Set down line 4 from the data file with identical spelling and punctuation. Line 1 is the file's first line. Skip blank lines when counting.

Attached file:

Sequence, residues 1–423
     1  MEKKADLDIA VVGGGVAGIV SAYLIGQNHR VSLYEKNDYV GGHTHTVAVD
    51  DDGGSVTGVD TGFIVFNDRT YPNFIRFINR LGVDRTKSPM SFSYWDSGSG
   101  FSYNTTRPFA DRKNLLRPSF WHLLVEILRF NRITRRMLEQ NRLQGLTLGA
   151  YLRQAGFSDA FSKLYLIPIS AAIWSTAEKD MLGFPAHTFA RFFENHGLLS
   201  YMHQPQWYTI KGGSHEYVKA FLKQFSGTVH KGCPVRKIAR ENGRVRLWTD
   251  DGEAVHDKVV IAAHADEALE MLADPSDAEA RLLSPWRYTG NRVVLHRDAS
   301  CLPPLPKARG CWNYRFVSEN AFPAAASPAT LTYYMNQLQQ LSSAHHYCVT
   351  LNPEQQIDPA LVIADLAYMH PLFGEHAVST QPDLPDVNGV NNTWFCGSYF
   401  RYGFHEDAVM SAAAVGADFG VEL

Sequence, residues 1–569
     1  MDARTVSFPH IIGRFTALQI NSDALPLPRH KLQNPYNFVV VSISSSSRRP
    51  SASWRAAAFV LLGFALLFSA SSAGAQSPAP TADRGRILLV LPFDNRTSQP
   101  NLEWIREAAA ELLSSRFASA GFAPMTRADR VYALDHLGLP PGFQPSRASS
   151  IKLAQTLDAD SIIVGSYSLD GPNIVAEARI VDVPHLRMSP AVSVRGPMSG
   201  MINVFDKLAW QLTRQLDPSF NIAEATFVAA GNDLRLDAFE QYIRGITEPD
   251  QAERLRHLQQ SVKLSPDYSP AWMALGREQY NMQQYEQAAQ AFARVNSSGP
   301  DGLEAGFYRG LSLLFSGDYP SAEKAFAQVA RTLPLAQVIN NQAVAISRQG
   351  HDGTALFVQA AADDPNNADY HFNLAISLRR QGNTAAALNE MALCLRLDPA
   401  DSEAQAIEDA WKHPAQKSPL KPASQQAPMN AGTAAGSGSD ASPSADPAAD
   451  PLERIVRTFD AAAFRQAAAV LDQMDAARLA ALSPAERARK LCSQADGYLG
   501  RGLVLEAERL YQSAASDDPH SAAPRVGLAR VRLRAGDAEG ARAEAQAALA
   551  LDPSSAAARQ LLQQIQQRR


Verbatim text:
   101  FSYNTTRPFA DRKNLLRPSF WHLLVEILRF NRITRRMLEQ NRLQGLTLGA